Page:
4676. Because he was the son of his old age. That this signifies its own life in it, is evident from the signification of "old age," as being the putting off of a former state and the putting on of a new one, also as being newness of life (see n. 3492, 4620). For "old age" in the internal sense does not signify old age, because the internal man, or man's spirit, does not know what old age is; but as the body or external man grows old, the internal passes into newness of life, man's spirit being perfected by age as his bodily powers diminish. This is still more so in the other life, where those who are in heaven are continually brought by the Lord into more perfect life, and at last into the bloom of youth, even those who have died in a good old age. From this it may be seen that by "old age" in the internal sense, is signified life. What is meant by its own life being in it has been explained above (n. 4667).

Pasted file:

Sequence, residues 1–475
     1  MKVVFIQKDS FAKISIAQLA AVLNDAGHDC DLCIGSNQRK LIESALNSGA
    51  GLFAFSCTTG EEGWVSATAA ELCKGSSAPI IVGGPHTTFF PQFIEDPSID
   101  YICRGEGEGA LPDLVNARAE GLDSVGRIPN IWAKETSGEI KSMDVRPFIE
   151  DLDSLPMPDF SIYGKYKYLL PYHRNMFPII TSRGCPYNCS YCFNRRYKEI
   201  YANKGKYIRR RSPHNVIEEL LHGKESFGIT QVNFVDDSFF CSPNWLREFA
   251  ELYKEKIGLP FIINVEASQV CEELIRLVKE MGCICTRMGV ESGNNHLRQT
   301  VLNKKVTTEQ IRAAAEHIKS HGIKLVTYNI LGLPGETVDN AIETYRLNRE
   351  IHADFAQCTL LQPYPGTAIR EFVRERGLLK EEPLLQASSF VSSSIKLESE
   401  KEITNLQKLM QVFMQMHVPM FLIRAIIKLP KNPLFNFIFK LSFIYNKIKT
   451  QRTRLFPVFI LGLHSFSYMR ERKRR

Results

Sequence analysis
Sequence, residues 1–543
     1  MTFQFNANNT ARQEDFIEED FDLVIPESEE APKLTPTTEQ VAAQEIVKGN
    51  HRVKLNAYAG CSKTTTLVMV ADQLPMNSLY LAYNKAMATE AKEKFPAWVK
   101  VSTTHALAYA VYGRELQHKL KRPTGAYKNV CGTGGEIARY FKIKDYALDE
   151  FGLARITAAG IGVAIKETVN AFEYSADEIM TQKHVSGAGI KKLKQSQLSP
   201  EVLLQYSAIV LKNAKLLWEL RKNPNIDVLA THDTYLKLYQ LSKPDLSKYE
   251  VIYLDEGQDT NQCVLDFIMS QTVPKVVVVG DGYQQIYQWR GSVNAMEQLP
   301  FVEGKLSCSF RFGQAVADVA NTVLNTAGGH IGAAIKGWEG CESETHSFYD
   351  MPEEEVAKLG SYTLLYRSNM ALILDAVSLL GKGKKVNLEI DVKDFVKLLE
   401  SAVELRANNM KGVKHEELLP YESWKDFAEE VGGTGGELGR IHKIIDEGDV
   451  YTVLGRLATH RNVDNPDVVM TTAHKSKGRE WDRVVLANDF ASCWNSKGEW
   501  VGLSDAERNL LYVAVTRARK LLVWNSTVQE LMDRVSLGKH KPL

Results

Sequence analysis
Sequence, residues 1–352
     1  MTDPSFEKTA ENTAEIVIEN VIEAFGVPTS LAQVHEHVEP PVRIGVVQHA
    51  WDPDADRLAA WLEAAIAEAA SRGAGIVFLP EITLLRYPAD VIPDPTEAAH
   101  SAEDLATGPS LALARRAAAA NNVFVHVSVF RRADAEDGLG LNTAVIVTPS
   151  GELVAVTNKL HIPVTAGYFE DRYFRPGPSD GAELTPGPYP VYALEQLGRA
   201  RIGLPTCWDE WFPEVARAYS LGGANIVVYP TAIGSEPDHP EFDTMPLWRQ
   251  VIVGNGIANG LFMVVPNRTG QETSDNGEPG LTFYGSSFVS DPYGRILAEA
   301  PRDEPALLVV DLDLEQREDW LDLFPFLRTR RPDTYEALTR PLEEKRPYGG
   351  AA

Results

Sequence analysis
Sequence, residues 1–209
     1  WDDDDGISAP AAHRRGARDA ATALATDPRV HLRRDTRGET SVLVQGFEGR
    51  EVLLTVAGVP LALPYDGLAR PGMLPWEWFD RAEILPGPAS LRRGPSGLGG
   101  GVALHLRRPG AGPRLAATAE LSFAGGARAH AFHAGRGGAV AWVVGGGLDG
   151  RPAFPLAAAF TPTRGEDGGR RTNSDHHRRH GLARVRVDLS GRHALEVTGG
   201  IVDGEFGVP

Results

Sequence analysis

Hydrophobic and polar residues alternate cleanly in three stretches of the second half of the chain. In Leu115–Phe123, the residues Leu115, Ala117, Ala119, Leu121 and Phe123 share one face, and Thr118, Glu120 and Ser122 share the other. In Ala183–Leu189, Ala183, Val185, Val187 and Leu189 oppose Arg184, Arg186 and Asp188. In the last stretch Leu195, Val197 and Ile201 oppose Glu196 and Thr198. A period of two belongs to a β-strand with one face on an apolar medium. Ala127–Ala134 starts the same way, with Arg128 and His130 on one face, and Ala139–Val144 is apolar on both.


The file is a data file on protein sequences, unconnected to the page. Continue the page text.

It was said that man's spirit or internal man does not know what old age is, and yet as before said it is this spirit that thinks in the body, and from it the body has its life. The reason why this thought of the spirit cannot be communicated to the body, and the man thus know that he lives after death, is that so long as his spirit remains in the body he cannot think otherwise than from the principles which his natural man has become imbued with; and when the principle and persuasion is that only the body lives, and that when this dies everything of man dies, the influx of this reality is not received. But still the influx manifests itself by the fact that most persons are solicitous about their burial and eulogies after death, and some about their reputation then, for which reason they erect magnificent monuments for themselves, that their memory may not perish. Into such things is turned the influx from heaven in respect to the permanence of life with those who in other respects have no belief in it. For without this influx they would be totally indifferent to all that concerns their memory after death.